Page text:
See what they have to say about their ECATTS environmental compliance training:

“Bravo…Superb Training”

“I love [ECATTS]. Best training ever, and the tests make it so you actually learn.”

“Very interesting training. Information will be useful in the future. Definitely benefited.”

“Keep up the great work.”

“Excellent testing format, it was easy to navigate and follow.”

“Good and very informative.”


“Very interesting information. Well presented.”

“The site was extremely easy to navigate, it made the learning experience more enjoyable.”

“Well developed and informational.”

“Thanks for being environmentally aware.”

April 22 is Earth Day!

Tomorrow is Earth Day 2020, which marks the 50th anniversary of this world-wide event developed to bring awareness and support for the protection of our natural environment.

The theme this year is climate change, a big challenge with big opportunities. Climate change “represents the biggest challenge to the future of humanity and the life-support systems that make our world habitable.”

People all around the world can celebrate Earth Day, even from the safety of their own homes, because is going digital. There, you can learn about virtual Earth Day activities and watch LIVE online for special messages and performances.

Earth Day

Earth Day

Whether you’re one person, or leading a larger organization, there are ways to make a difference. Happy Earth Day!

New Course

NEW: UST Class C certification training for Illinois now available

Great news for our UST training catalog!

We have recently added the state of Illinois to our UST Class C training curriculum. This brand new UST Class C operator training has been reviewed and approved by the Office of the Illinois State Fire Marshall.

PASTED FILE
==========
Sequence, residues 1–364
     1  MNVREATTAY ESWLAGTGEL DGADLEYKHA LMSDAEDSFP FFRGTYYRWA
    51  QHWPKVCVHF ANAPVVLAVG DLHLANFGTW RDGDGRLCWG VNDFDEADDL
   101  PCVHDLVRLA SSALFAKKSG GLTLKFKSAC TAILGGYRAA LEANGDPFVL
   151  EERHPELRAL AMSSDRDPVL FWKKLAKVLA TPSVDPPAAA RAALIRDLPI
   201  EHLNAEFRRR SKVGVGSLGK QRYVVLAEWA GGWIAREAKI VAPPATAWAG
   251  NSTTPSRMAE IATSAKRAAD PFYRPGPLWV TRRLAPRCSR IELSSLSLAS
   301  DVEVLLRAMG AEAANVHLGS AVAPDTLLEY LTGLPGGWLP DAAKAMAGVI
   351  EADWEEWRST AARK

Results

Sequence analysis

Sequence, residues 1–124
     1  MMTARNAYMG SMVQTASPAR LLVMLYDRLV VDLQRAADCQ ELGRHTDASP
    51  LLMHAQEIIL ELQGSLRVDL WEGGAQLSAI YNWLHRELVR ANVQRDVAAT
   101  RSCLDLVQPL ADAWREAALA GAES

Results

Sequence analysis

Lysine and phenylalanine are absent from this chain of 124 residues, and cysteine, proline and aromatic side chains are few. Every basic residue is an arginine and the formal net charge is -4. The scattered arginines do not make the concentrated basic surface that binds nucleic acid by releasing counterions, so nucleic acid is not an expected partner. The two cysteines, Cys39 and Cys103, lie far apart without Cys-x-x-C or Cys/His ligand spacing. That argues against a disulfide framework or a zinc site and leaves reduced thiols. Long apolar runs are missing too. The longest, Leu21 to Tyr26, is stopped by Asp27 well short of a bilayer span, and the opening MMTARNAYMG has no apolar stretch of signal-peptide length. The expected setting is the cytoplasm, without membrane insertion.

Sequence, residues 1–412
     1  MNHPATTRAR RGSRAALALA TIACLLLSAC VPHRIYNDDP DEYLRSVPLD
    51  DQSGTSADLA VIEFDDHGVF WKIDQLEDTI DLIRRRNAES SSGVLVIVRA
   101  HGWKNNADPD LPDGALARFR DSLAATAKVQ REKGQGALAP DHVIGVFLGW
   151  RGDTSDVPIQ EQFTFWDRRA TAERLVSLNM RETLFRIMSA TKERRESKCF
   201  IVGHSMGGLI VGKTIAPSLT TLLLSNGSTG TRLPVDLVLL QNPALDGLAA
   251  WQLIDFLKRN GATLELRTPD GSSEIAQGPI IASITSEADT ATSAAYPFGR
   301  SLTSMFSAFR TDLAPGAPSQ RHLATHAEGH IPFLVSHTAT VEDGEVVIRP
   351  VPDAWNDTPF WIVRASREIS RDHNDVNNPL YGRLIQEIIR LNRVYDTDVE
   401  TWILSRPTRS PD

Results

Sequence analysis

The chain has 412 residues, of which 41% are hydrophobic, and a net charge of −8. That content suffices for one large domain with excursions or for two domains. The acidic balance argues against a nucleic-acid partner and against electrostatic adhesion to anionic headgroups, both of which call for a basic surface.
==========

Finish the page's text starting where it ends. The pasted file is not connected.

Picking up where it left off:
Successfully completing this training will award a certificate which grants UST Class C operator certification in the state of Illinois.

Completing this training will also provide certification in Connecticut, the District of Columbia, Florida, Georgia, Hawaii, and Mississippi. For all other states, this course should only be used as a reference (and will not award certification). In many states (PA, TX, VA, etc.) the only way to become Class C certified is to be trained by a certified Class A/B operator.

UST Certification

UST Class C Operator Training Program

(5 modules)

In this training program, you’ll learn important topics for UST operators such as:

Introduction to Class C Operators:
  • Class C operator responsibilities & certification
  • Operator requirements and training records
  • and more
UST System Components:
  • What is an underground storage tank
  • The primary parts of a pump dispenser
  • Spill prevention equipment
  • Safeguard and emergency shut off devices